The Saudi/Russia meeting has all the hallmarks of a re-run of September 2016, when these two oil superpowers got to together prior to the broader agreement (in December) between OPEC and 11 other nations (including Russia) to balance the oil market. So, while this meeting lays the foundations for the OPEC meeting in Vienna on 6 December, traders will take their direction from the tone of the rhetoric and precisely how determined they are to balance out the supply-side of the equation. A concerted supply cut is needed because Trump appears to be shooting himself in the foot, and the US economy will slow as a result of lower oil prices. The high yield/investment-grade credit spread is telling us this, and we can already see in various regional survey’s, with capital spending intentions heading lower.

It feels as though the US bond market is ready to head lower on this theme too, so I will be a buyer of UST 30s on a move through 3.30%, while 10s through 3% to 3.02% would also be noted. The US yield curve will become front-page news again, and at 22 basis points (bp) this differential between US 2- and 10-year Treasuries sits just four basis points from the August lows. I have enclosed a chart of the US 3-month 10-year Treasury curve as the Fed has talked about this many times before and again this sits at the lowest levels since 2008. Various Fed members have acknowledged that they really don’t like the idea of hiking into a flatter yield curve. Expect FX volatility to rise a touch should we see the pace of curve flattening pick-up.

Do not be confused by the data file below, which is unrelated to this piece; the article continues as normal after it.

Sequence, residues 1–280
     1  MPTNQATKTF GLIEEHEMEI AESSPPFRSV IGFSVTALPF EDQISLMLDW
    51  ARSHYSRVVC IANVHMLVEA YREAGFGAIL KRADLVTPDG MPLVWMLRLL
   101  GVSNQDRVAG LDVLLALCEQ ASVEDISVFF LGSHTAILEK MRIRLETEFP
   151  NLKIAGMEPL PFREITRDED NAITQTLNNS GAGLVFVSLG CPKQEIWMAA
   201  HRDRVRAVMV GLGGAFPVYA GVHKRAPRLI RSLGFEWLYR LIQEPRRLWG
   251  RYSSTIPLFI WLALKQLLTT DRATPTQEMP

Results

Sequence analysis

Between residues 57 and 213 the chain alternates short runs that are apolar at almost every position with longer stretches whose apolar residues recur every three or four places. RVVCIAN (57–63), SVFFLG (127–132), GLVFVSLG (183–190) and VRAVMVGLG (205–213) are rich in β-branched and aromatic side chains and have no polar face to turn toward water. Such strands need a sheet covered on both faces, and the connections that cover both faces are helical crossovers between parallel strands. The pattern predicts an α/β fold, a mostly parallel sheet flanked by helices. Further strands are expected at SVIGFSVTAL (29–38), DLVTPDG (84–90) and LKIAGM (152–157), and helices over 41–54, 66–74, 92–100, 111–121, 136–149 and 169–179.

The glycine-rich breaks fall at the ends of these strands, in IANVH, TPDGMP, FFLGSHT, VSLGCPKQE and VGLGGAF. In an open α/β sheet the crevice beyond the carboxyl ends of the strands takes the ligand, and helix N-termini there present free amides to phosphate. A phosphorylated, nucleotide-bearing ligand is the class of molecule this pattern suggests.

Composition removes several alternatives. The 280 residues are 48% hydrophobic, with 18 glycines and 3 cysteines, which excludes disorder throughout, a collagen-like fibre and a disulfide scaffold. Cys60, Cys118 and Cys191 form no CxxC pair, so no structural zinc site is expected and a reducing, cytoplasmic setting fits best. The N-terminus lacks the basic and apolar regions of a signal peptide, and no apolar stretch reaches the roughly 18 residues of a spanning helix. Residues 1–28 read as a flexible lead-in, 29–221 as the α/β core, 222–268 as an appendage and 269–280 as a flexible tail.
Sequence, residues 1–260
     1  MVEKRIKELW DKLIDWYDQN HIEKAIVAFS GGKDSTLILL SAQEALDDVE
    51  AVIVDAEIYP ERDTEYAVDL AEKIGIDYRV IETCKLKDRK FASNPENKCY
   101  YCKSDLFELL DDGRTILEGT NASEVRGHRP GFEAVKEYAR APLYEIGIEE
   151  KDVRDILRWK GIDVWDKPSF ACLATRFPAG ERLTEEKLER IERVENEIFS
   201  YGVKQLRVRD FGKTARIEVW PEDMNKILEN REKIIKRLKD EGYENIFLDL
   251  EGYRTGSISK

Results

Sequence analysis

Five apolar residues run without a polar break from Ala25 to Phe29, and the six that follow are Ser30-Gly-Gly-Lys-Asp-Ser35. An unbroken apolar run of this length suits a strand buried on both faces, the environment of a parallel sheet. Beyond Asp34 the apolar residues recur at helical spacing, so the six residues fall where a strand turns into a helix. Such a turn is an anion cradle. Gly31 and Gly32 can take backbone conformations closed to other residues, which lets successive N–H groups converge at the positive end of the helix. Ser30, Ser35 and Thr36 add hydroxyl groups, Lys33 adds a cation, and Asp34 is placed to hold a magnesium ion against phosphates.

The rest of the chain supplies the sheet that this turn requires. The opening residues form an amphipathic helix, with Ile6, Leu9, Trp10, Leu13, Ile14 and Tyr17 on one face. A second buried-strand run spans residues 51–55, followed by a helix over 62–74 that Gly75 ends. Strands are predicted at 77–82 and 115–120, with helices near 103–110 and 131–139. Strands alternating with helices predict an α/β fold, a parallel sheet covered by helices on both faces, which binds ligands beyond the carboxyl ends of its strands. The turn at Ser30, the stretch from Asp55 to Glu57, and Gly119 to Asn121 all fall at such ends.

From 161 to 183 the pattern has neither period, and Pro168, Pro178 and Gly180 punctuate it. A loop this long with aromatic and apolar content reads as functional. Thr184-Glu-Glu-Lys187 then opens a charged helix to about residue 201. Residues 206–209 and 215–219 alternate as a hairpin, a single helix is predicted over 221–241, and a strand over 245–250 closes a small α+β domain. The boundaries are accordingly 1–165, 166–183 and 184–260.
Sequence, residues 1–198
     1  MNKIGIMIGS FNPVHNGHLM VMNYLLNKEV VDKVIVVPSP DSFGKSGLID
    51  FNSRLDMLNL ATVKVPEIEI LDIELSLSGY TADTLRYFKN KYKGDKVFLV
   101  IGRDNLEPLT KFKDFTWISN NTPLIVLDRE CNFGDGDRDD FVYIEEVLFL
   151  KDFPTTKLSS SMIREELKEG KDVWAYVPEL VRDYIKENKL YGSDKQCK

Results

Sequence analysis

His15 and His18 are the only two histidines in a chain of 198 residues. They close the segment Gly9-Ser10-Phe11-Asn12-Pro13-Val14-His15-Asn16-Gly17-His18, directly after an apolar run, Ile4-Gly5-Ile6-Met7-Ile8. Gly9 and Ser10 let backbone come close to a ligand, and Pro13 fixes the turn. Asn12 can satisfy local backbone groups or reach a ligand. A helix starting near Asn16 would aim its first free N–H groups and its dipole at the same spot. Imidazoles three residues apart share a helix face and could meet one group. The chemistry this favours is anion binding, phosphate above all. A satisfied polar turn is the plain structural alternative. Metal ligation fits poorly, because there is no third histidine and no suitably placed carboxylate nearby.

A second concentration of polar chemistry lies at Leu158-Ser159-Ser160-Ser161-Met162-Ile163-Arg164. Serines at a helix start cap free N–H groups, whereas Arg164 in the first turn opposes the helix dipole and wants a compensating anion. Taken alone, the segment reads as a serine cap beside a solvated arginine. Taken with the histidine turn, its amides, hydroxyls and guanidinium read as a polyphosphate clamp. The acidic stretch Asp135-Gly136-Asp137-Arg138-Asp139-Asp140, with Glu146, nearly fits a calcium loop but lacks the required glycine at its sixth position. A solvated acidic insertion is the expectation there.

(US 3month-10year Treasury Curve – the red area represents prior recessions)
(Source: Bloomberg)
Another worrying aspect reported in German media (citing EU sources) is whether Trump will slap a 25% tariff on car imports (ex-Mexico and Canada). Naturally, we think of Germany here and for those who read my daily yesterday will know this is the last thing Germany and the wider EU need. It is the last thing the global auto trade needs anyhow as we can see from the Bloomberg chart. But it just makes buying EURs even harder and makes me think it is a matter of time before the 11,000 mark gives way in the DAX, in which case its goodnight Vienna.
My USD trade is playing out well so far, both against the CAD and the wider basket (USD index). Happy to stay long both here and in the case of USDCAD I would add on a daily close through 1.3317. The daily or weekly chart of USD index looks so strong, and of course, that may change, but I won’t be trading from the short side here, just yet. USDCNH is back on the radar as well ahead of the G20 meeting, where the daily chart shows strong consolidation, and it will be fascinating to see where price goes from here. I suspect it goes higher.
Event risk ahead
On the docket tonight, we are treated to the next revision of Q3 US GDP, which shouldn’t move markets unless it deviates greatly from the 3.5% rate expected. Naturally, the Fed Chair Powell will be the bigger event risk for markets, when he steps up at 04:00aedt, to speak at the Economic Club in New York. Vice-chair Clarida last night enforced the idea that risks have become more symmetric, and the rates market has responded aggressively of late pricing just one hike for 2019. Powell should align with this view, albeit remain positive on inflation and employment trends.
Published by Chris Weston, Head of Research, Pepperstone